Soldiers, sailors, marines, and airmen anxiously awaiting mail delivery is a familiar scene from movies, newsreels, and documentary photographs. Mail call is the moment when the frontline and home front connect. This exhibition tells the history of military mail from the American Revolution to 2010: How does this mail reach its destination? What roles does it play? Why does it influence morale? The exhibition explores the great lengths taken to set up and operate postal services under extraordinary circumstances. It also features letters that reveal the expressions, emotions, and events of the time. On the battlefront and at home, mail provides a vital communication link between military service personnel, their communities, and their loved ones.
As our nation first began its fight for freedom, George Washington understood the significance of acknowledging meritorious actions in combat. However, it was Abraham Lincoln on July 12, 1862, who signed statute 10 U.S.C. 3741 authorizing the first Medal of Honor to “be presented, in the name of Congress, to such non-commissioned officers and privates as shall most distinguish themselves by their gallantry in action.”
Through personal correspondence written on the frontlines and home front, this centennial exhibition uncovers the history of America’s involvement in World War I. The compelling selection of letters illuminates emotions and thoughts engendered by the war that brought America onto the world stage; raised complex questions about gender, race and ethnic relations; and ushered in the modern era. Included are previously unpublished letters by General John Pershing, the general who led the American Expeditionary Forces and a person who understood the power of the medium. In his postwar letter that begins “My fellow soldiers,” he recognized each individual under his command for bravery and service. My Fellow Soldiers: Letters from World War I was created by the Smithsonian’s National Postal Museum in collaboration with the Center for American War Letters at Chapman University.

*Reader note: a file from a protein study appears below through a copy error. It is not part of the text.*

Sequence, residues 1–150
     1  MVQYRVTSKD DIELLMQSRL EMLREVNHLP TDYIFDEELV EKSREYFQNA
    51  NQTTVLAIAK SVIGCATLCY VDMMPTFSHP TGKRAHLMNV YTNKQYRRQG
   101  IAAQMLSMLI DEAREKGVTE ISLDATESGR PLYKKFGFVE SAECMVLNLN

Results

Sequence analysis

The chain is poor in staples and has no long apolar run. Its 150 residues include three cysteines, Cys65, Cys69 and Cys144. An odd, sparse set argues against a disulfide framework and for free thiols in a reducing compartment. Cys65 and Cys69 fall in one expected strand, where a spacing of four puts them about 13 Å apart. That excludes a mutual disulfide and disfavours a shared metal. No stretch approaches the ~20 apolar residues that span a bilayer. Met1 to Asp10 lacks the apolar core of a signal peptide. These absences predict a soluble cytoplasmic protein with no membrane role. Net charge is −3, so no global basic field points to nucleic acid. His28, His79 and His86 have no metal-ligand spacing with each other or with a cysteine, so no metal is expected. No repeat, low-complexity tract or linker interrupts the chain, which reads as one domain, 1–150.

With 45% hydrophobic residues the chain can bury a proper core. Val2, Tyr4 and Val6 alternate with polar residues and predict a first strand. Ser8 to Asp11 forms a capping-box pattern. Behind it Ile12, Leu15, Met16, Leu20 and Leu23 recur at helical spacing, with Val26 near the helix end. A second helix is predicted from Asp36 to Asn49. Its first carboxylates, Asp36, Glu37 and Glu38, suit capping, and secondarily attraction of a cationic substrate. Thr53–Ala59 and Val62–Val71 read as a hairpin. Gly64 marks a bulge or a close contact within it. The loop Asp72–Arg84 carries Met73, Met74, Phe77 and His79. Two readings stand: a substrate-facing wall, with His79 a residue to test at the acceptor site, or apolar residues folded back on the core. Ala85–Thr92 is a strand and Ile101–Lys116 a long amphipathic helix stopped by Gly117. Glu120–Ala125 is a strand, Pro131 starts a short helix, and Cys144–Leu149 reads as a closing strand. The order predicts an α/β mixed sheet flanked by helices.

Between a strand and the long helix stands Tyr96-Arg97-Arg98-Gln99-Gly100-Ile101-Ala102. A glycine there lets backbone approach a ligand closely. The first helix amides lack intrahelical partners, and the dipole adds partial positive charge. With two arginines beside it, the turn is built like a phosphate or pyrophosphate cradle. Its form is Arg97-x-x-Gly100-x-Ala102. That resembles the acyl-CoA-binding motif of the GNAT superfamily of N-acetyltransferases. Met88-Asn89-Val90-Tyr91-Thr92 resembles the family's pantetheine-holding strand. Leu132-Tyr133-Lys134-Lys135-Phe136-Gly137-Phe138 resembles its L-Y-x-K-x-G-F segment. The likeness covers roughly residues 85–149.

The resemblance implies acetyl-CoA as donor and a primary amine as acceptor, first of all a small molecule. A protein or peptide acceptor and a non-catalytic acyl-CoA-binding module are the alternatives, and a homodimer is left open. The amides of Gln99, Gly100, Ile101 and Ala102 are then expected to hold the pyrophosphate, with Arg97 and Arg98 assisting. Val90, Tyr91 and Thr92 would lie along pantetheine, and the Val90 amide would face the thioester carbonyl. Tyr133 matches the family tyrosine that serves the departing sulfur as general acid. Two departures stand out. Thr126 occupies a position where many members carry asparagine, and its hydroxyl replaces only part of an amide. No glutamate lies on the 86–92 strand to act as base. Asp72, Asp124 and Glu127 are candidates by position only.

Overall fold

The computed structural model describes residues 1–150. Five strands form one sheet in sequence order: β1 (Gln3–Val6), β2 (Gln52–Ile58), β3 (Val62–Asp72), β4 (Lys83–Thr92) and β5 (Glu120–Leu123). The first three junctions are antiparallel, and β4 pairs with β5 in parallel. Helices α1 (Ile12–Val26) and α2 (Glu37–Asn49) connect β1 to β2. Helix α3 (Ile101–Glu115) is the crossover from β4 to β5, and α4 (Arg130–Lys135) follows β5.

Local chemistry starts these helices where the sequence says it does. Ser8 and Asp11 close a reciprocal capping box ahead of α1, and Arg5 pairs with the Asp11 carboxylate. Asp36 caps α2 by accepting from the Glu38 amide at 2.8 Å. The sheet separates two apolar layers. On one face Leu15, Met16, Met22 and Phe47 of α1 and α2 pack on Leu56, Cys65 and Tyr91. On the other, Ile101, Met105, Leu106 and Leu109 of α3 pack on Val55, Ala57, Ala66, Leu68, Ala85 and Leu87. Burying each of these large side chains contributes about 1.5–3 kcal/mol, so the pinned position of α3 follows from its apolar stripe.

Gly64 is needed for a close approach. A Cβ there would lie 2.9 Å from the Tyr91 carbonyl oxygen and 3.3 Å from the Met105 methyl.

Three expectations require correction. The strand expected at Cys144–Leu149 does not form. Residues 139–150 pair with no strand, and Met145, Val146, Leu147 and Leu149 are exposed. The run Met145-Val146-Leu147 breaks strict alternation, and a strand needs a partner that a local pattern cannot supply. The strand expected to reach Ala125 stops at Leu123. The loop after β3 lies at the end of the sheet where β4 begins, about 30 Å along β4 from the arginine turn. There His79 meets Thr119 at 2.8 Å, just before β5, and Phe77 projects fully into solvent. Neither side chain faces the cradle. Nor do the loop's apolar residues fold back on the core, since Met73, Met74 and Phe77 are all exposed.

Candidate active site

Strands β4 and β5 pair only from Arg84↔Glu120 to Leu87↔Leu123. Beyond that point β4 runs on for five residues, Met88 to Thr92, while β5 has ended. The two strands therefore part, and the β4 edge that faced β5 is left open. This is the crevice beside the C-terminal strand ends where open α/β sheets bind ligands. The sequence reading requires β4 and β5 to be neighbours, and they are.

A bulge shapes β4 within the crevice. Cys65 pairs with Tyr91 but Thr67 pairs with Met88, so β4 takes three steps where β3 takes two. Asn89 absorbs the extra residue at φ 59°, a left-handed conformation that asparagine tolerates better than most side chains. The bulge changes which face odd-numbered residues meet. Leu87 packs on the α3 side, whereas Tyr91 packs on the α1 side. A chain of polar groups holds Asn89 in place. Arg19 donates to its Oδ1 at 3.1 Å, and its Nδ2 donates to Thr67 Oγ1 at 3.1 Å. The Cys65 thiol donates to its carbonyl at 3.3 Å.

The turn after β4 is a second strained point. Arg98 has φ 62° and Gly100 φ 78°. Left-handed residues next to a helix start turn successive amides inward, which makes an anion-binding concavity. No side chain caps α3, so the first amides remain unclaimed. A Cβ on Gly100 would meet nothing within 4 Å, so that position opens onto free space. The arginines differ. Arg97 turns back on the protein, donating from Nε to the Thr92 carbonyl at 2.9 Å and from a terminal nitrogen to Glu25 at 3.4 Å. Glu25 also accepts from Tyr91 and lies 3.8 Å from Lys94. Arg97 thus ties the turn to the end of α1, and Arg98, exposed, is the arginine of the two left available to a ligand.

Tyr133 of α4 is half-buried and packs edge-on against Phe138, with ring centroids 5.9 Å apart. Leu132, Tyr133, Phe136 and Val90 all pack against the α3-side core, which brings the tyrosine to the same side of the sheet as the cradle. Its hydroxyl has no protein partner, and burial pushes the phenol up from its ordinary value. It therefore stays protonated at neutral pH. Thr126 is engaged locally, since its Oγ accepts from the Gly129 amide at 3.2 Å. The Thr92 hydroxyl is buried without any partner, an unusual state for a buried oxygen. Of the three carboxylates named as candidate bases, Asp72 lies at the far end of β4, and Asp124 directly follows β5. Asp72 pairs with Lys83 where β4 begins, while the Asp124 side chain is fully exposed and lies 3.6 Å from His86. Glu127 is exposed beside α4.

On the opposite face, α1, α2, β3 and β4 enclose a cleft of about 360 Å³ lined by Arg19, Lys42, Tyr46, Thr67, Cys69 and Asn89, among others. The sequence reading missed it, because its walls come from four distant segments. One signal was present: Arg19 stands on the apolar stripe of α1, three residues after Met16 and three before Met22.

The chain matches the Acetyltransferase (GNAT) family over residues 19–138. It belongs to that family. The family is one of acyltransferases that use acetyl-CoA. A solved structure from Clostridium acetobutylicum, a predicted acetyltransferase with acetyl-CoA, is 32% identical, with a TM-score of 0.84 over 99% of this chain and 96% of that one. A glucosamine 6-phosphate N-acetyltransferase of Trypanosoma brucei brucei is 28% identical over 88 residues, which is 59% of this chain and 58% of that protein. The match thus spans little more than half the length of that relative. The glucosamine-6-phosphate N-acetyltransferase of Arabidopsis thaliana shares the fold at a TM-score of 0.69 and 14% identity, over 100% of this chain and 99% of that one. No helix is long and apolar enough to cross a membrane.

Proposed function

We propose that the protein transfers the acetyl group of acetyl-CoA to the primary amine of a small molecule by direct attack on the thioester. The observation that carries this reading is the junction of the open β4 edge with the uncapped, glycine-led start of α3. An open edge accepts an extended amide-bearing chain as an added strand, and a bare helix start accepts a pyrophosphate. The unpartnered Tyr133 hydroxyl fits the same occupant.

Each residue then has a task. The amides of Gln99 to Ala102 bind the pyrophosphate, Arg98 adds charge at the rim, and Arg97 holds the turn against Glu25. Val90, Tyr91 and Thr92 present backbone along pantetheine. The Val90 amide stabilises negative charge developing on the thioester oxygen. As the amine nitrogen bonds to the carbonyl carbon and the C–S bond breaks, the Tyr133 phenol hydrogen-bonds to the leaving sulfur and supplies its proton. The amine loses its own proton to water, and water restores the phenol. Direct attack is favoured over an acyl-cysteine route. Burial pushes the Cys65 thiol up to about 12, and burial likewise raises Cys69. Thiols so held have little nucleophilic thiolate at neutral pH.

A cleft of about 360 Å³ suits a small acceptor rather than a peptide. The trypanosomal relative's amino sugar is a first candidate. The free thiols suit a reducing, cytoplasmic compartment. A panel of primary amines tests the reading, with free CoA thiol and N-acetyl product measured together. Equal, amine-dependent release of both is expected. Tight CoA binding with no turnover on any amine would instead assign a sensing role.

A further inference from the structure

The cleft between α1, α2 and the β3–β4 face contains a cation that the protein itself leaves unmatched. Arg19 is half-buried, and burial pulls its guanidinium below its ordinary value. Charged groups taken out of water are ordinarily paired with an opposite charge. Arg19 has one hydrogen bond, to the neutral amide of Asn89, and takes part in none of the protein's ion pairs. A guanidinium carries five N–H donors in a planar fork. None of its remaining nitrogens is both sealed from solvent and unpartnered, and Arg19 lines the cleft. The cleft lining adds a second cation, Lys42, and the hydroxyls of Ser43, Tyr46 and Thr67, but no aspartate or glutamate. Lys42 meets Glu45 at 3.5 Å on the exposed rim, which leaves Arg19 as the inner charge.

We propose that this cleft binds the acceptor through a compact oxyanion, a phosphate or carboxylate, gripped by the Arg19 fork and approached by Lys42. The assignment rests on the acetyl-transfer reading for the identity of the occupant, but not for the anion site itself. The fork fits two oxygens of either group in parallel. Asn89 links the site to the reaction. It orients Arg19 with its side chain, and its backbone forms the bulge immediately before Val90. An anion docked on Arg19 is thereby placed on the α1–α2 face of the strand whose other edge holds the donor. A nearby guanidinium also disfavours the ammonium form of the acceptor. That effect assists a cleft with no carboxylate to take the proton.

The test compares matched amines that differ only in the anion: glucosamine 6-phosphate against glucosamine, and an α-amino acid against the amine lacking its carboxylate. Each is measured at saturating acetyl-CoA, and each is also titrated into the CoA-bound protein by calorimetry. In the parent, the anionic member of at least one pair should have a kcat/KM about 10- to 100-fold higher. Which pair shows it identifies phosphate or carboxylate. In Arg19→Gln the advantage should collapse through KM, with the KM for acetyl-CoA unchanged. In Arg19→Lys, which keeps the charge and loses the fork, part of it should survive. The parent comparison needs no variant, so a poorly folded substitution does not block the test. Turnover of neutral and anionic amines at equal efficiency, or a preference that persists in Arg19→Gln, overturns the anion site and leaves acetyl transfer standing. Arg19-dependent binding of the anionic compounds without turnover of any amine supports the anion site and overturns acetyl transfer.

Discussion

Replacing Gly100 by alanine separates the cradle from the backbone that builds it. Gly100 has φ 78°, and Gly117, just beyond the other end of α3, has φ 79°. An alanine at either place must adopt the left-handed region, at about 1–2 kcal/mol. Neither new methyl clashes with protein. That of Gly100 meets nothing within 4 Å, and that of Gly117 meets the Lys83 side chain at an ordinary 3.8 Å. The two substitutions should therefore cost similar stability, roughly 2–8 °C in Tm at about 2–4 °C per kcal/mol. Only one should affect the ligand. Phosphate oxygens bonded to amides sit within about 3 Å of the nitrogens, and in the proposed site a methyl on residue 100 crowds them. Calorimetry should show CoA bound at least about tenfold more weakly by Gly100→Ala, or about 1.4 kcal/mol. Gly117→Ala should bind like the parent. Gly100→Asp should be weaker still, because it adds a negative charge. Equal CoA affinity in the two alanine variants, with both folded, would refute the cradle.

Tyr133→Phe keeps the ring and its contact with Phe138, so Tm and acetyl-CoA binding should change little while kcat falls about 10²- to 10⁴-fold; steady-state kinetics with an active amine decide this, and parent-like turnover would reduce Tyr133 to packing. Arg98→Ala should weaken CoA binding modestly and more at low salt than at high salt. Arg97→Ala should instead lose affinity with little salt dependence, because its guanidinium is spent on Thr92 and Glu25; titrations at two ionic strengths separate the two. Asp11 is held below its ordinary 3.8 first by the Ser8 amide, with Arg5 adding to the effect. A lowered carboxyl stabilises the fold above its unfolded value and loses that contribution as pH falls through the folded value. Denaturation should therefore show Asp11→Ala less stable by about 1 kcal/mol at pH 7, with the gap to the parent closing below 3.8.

Eighteen-year-old Ruth Estelle Woodworth joined the US Navy on March 30, 1917, the same month the military opened enlistment to women for the first time. It was all possible because of an unintentional loophole in the Naval Reserve Act of 1916. The act authorized the enlistment of qualified “persons,” but did not specify any gender requirement for volunteers.
While working on the In Her Words: Women’s Duty and Service in World War I exhibition, I read many documents belonging to the four featured women. None quite resonated with me as much as the diary of Army nurse Lulu Belle (Wolfe) Smith.
Morale is one of the main factors that can help or cripple an army. Thus when the US joined World War I, the YMCA set out to work alongside the US Army to keep up morale - feeding soldiers, providing comfortable spaces for them, and otherwise keeping them entertained.